"The North Korean regime needs to change these polices, open up its political system and afford freedom to its people," Bush said. "In the interim, we will continue to take all necessary measures to protect our national and economic security against the adverse effects of their bad conduct."

Bush issued rebukes to Russia and China and called Syria a tyranny that harbors terrorists and sponsors terrorist activity.

On Russia, Bush said recent trends show a waning commitment to democratic freedoms and institutions. "Strengthening our relationship will depend on the policies, foreign and domestic, that Russia adopts," he said.

The United States also is nudging China down a road of reform and openness.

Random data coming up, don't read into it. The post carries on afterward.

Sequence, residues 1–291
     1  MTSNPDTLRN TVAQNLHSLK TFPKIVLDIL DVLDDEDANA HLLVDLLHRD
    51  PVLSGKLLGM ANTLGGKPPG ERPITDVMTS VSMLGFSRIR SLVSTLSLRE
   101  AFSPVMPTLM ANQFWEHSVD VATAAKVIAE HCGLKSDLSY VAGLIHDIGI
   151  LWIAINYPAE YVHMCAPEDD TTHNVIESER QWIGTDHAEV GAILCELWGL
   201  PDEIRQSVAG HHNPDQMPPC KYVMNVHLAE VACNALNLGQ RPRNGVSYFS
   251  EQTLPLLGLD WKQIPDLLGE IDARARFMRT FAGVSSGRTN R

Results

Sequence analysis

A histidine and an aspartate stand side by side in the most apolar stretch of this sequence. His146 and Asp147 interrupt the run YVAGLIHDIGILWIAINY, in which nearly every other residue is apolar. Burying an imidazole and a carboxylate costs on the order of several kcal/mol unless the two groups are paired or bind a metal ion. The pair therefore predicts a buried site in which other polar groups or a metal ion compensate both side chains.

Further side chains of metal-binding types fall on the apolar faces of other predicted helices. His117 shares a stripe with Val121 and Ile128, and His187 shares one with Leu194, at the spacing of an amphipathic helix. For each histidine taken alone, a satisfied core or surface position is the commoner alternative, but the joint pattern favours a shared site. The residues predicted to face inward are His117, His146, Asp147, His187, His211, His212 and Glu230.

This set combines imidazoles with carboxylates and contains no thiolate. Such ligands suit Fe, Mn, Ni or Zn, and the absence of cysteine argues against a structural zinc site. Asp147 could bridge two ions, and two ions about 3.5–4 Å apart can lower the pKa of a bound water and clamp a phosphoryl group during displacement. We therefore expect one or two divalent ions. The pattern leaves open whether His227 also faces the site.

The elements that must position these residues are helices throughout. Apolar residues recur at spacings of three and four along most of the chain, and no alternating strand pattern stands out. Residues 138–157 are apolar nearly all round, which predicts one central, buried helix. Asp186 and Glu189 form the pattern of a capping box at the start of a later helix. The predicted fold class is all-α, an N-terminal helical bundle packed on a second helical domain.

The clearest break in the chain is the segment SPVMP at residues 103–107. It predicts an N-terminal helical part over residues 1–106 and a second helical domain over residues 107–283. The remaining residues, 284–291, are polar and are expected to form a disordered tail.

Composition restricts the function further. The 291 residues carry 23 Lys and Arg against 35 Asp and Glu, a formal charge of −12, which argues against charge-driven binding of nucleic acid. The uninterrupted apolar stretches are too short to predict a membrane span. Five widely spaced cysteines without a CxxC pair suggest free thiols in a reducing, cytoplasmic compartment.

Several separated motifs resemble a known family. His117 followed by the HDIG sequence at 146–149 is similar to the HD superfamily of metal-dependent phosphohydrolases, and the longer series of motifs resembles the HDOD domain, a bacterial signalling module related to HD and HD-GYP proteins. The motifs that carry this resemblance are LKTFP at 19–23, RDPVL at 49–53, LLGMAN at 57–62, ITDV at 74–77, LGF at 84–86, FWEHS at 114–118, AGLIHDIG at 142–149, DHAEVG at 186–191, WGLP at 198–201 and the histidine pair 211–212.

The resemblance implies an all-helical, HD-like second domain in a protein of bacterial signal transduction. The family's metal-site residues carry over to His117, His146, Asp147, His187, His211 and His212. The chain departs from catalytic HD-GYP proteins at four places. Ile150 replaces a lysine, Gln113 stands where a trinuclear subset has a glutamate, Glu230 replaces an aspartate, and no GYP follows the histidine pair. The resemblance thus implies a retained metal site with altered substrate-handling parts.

"China's leaders must realize, however, that they cannot stay on this peaceful path while holding on to old ways of thinking and acting that exacerbate concerns throughout the region and the world," Bush wrote.

Since the last report, some successes can be viewed. A freely-elected government is operating in Afghanistan. In Iraq, citizens voted in the nation's first free election, a constitution was passed by referendum and nearly 12 million Iraqis elected a permanent government.

"It's tough going in Iraq but politics is breaking out there. The Iraqi people want this to work," Smith said. 'While you don't see it on the news, there's a lot of good news in Iraq, not least of which is the empaneling of their Parliament."